Author`s name Dmitry Sudakov

Bashar Assad should be afraid of his own special services

Bashar Assad should be afraid of his own special services. 46396.jpegThe opponents of the Assad regime are celebrating a great victory: for the first time in 10 months of conflict a military of a general's rank transitioned to their side. Mustafa Ahmad al-Sheikh is the most senior Syrian deserter who, according to Western media, commanded the largest army units. According to a number of Arabic sources, he is a "prominent member of military intelligence."

Although not all sources in Syria confirm the link between Mustafa Ahmad al-Sheikh and the Mukhabarat (military intelligence), the opponents of the Assad regime are now ready to bet on his overthrow through a palace coup. Given the role played by the security forces in Syria, the bet in this case will be made on their representatives.

The months-long efforts to ensure that Assad is overthrown by the Syrians have not yet yielded results. The direct aggression against Syria is currently complicated by a number of difficulties, and, apparently, the opponents of Damascus would dare to implement it only in exceptional circumstances. Meanwhile, the way out is seen either as a "classic" inside conspiracy or a significant weakening of the regime through bribing its prominent representatives.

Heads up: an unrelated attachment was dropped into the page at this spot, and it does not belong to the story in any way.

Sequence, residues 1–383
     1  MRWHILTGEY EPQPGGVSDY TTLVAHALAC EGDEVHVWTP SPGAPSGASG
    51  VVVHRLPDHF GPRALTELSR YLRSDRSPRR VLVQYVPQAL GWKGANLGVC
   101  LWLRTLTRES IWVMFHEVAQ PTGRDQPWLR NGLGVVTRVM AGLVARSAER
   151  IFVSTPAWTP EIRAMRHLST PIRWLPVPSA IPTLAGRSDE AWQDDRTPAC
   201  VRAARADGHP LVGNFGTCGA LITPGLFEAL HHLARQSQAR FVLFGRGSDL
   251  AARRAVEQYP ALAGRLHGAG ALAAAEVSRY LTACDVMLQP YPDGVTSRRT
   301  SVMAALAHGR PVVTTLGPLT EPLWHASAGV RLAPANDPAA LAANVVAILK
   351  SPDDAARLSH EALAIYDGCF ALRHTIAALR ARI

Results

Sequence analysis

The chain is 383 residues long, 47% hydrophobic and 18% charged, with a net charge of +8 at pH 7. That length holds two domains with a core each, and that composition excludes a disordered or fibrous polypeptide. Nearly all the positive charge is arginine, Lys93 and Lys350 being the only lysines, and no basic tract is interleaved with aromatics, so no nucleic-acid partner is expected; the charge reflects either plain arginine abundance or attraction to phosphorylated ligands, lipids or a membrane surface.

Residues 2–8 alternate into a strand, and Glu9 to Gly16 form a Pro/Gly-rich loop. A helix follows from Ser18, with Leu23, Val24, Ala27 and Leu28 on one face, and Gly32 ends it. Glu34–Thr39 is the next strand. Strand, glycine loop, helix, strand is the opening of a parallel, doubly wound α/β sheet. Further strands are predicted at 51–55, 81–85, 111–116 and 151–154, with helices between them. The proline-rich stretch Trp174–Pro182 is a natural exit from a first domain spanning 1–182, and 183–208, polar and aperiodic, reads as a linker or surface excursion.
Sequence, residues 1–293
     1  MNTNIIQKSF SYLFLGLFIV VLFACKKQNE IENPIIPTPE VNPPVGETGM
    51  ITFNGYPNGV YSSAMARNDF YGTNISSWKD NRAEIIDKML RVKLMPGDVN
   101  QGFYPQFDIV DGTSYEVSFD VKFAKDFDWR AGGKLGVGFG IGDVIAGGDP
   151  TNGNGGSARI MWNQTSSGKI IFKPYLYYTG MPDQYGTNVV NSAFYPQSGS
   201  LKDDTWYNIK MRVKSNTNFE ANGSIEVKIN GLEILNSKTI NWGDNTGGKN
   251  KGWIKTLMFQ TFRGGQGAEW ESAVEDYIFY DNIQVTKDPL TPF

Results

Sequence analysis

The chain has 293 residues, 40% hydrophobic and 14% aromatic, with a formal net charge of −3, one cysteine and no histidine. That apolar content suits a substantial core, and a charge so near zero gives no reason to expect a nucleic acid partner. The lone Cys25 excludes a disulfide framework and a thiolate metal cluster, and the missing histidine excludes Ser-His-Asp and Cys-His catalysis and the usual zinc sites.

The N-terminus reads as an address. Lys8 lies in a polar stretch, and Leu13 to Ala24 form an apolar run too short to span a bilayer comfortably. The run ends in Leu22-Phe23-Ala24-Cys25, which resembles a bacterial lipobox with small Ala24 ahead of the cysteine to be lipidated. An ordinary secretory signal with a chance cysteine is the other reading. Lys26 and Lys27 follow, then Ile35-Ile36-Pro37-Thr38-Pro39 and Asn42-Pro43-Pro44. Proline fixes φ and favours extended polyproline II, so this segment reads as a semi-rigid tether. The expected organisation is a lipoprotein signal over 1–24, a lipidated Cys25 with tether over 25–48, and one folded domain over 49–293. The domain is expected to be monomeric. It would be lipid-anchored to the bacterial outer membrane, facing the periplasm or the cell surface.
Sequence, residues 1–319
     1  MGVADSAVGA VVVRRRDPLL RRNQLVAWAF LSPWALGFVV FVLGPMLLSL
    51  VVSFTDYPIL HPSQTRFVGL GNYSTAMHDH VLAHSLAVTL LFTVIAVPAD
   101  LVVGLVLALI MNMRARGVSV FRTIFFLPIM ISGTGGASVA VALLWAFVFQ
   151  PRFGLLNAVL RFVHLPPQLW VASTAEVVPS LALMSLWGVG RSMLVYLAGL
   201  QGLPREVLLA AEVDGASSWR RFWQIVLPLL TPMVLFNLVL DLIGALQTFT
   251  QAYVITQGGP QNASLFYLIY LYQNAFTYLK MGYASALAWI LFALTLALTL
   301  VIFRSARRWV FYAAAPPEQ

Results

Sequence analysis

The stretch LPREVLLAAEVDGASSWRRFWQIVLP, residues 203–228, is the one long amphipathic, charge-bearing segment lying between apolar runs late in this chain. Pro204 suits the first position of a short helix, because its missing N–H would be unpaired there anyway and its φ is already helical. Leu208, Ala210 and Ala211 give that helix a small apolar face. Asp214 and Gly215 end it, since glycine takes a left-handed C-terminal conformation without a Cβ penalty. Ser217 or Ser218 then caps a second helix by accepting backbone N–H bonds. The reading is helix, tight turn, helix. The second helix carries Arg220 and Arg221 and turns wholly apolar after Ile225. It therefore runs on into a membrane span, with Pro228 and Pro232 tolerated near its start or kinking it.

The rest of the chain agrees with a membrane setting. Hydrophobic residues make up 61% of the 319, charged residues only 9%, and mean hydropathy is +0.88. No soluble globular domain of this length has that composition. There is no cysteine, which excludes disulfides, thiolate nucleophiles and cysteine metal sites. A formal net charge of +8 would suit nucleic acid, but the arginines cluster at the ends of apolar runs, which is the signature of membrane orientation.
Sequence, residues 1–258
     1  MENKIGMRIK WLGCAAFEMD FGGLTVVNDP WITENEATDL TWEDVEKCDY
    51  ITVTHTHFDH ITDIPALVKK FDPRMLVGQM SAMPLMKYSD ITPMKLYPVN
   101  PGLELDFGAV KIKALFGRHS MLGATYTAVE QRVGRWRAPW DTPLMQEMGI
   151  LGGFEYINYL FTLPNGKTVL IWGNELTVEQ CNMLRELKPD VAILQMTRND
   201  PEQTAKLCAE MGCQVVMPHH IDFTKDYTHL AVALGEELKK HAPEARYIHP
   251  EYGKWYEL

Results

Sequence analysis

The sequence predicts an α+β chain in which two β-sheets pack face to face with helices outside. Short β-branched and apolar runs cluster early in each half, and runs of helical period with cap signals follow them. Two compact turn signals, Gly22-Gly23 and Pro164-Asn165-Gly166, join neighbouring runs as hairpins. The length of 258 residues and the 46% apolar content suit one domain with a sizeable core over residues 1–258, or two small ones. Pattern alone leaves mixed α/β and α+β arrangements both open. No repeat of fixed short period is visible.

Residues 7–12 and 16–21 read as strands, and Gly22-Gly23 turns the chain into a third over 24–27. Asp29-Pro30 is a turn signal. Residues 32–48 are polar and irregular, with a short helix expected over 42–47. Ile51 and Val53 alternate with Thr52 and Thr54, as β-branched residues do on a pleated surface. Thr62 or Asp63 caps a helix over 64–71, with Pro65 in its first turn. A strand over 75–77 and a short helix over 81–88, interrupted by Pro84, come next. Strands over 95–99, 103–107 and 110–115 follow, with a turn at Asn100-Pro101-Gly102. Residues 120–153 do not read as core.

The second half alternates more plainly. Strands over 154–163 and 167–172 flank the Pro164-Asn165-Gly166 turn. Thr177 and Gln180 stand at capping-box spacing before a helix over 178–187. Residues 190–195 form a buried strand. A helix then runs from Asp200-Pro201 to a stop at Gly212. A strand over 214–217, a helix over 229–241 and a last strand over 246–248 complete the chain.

The Syrian secret services have long tried and tested connections with their American and French colleagues (former chief of DGSE Jean-Claude Kusseran established good relations with the Mukhabarat in the 1980s, providing "technical assistance"), which makes the solution much easier for them.

On the backdrop of the current aggravation in Syria, few noticed an important date - 10 years of the US-Syrian cooperation of special services. After the attacks of September 11, 2001 the U.S. was in close secret contact with the regime of Assad meant to abandon the ties with Iran and radical groups, especially Palestinian and Lebanese "Hezbollah."

Syrian-American intelligence services became obvious in late September. Senior officers of the Anti-Terrorism Operations Department of the CIA arrived in Damascus to discuss with their Syrian counterparts issues of cooperation in the fight against "international terrorism" in the face of Islamic radical groups operating both in European countries (Belgium, Germany, France), and the Middle East (Lebanon, Pakistan and Afghanistan).

In Beirut, followed by talks held between the U.S. Ambassador Vincent Battle (according to Arab sources, he is also a high-ranking CIA officer) with the head of the Lebanese branch of the Syrian Mukhabarat Ghazi Kanaan. Albeit with reservations, but Bashar al-Assad agreed, hoping with the help of the West to deal with the Syrian Islamists who had fled to the West in the 1960s and 1980s, and improve its own image in the eyes of the European countries and the United States. That, in turn, should have had a positive impact on the economic reforms conceived by the young Syrian President.

The U.S. wanted to use Syria primarily to protect Israel and to eliminate the danger posed by the Lebanese "Hezbollah." In return the Americans promised Assad assistance in bringing peace to this country and the return of the Golan Heights. However, the role of Syria in the plans of the region was not limited to reformatting. The U.S. had special hopes for Assad in connection to the decision to remove Saddam Hussein.